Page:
Cookies on this website
We use cookies to ensure that we give you the best experience on our website. If you click 'Continue' we'll assume that you are happy to receive all cookies and you won't see this message again. Click 'Find out more' for information on how to change your cookie settings.

Simon Mendelsohn (cohort 2015-16) co-authored this article on the Global Forum on Tuberculosis (TB) Vaccines and how this year's event focussed on opportunities and challenges for TB vaccine R&D during a pandemic.

The Global Forum on Tuberculosis (TB) Vaccines was held virtually from 20 to 22 April 2021, marking its 20th anniversary. The Global Forum on TB Vaccines is the world's largest gathering of stakeholders striving to develop new vaccines to prevent TB. The program included more than 60 speakers in 11 scientific sessions, panel discussions, and workshops. It provided an overview of the state of the field, and an opportunity to share the latest research findings, as well as new and innovative approaches to TB vaccine research and development (R&D). This year, it was held against the backdrop of the COVID-19 pandemic and convened researchers, developers, funders, and other stakeholders remotely to discuss opportunities and challenges for TB vaccine R&D in these unprecedented times.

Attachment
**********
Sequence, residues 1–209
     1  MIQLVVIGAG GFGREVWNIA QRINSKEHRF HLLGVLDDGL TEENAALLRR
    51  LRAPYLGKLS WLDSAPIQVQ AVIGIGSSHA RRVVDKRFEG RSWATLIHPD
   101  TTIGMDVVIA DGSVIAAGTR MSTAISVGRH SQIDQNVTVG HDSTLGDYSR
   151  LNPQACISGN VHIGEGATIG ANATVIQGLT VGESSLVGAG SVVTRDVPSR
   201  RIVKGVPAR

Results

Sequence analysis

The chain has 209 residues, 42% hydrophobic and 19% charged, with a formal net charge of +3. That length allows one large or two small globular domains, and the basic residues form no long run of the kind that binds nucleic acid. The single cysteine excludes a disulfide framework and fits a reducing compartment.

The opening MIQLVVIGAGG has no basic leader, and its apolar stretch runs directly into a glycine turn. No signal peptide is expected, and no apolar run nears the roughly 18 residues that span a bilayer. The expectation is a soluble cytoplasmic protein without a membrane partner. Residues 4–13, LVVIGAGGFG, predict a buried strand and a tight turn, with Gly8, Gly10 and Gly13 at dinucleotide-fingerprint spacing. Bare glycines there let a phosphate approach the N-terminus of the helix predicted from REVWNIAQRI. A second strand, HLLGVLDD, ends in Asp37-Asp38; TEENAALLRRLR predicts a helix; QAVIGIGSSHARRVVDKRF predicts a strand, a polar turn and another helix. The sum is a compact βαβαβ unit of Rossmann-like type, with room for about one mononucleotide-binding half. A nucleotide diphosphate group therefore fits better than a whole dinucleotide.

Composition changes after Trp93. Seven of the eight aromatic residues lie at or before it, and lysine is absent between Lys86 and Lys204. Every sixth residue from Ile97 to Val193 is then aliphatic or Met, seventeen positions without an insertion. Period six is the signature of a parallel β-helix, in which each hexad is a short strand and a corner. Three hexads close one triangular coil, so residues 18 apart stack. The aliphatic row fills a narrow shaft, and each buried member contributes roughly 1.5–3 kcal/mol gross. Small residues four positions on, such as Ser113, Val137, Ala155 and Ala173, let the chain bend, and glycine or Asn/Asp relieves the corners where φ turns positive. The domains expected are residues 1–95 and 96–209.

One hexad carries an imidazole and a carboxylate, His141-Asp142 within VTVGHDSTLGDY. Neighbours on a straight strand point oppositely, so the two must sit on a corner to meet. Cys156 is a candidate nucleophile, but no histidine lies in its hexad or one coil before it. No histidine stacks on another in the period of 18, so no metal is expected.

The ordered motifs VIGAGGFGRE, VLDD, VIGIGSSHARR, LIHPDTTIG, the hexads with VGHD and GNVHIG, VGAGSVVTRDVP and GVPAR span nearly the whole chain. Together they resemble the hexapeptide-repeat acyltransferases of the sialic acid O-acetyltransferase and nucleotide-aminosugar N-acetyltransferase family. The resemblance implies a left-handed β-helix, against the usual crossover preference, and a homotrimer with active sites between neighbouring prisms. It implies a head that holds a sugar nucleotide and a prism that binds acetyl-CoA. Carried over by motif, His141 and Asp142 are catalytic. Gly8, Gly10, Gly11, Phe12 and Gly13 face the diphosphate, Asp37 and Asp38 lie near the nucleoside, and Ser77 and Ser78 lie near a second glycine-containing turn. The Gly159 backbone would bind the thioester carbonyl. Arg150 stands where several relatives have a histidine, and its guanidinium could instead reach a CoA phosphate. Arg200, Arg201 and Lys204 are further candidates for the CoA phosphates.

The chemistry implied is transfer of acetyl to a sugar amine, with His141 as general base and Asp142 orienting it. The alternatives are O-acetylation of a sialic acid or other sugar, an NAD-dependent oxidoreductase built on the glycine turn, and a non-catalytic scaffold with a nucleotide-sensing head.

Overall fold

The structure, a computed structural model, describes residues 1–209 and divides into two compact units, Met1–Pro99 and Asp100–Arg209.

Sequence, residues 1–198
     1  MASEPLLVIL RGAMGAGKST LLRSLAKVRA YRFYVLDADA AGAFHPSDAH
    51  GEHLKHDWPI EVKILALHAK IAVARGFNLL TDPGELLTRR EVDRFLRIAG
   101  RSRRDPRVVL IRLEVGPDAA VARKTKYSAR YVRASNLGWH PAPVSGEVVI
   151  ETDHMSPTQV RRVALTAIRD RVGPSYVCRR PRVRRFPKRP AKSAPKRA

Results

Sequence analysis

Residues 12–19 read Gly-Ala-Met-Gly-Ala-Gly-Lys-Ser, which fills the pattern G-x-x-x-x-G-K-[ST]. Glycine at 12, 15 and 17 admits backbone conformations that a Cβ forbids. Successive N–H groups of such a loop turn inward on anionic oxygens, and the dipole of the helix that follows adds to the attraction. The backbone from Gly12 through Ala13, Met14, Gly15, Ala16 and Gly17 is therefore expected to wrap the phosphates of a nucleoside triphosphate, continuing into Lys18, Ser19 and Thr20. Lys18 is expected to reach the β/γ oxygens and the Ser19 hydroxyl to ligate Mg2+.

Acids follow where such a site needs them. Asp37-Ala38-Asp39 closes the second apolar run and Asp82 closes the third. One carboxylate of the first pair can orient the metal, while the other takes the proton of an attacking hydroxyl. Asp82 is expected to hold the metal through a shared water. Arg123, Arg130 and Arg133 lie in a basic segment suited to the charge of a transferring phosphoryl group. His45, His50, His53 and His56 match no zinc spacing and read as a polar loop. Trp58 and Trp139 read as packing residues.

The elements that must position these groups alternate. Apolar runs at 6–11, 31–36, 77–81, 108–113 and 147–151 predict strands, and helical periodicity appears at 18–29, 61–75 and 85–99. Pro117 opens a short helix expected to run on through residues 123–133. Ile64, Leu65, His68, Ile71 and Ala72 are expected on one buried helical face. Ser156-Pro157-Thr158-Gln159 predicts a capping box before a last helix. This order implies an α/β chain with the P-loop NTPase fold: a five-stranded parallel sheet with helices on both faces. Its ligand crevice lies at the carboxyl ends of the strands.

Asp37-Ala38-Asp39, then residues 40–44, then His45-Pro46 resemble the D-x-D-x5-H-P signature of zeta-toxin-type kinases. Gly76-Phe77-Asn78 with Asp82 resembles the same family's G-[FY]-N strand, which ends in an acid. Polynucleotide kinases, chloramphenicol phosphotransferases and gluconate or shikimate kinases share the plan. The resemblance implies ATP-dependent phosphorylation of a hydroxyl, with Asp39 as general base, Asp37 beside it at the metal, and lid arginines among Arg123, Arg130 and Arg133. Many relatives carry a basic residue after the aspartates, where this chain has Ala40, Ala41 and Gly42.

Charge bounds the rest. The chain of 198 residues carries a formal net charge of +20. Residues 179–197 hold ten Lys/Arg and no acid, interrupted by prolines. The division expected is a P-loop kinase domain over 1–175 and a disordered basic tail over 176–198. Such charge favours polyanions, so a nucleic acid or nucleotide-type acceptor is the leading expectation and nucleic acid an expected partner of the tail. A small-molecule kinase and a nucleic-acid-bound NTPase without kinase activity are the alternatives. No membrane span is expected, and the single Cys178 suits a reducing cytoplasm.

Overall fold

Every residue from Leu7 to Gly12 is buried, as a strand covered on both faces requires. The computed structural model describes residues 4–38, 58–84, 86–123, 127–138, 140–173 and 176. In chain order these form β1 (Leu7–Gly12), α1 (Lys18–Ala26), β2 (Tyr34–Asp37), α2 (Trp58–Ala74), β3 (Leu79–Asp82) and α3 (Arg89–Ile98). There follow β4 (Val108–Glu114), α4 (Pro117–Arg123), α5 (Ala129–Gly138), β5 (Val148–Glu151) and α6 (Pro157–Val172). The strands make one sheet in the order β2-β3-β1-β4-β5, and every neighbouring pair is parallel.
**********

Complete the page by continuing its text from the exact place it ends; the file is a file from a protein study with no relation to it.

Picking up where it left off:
Visit Science Direct to access the full article.

Similar stories

Immunogenicity of standard and extended dosing intervals of BNT162b2 mRNA vaccine

Sandra Adele (cohort 2019-2020) co-authored this paper assessing the benefits of interval extension between BNT162b2 mRNA vaccine doses.

Host blood transcriptomic biomarkers of tuberculosis disease in people living with HIV: a systematic review protocol

Simon Mendelsohn (cohort 2015-16) co-authored this systematic review protocol on the current triage and predictive tools and how host tuberculosis transcriptomic biomarkers may be more effective for a correct diagnosis.

Longitudinal Dynamics of a Blood Transcriptomic Signature of Tuberculosis

Simon Mendelsohn (cohort 2015-16) co-authored this article.

Delays in presentation of intussusception and development of gangrene in Zimbabwe

Student Dennis Mazingi (cohort 2020-2021) co-authored this paper focused on the importance of a prompt diagnosis and treatment of intussusception in Zimbabwe. Their findings highlight the need to improve early diagnosis of intussusception and prompt referral of patients for treatment.

Safety and immunogenicity of the ChAdOx1 nCoV-19 vaccine against SARS-CoV-2 in HIV infection: a single-arm substudy of a phase 2/3 clinical trial

Sandra Adele (cohort 2019-2020) co-authored this paper on the efficacy of the Oxford Astra-Zeneca vaccine for the 40 million people globally living with HIV. This study aimed to assess the vaccine’s ability to stimulate an immune response on those who have their immunity compromised.

Alumna Parinda Wattanasri (cohort 2019-2020) talks about vaccine passports in Thailand Today

Alumna Parinda Wattanasri (cohort 2019-2020) was interviewed by Thailand Today on vaccine passports. and how they may become a sustainable plan to reopening Thailand.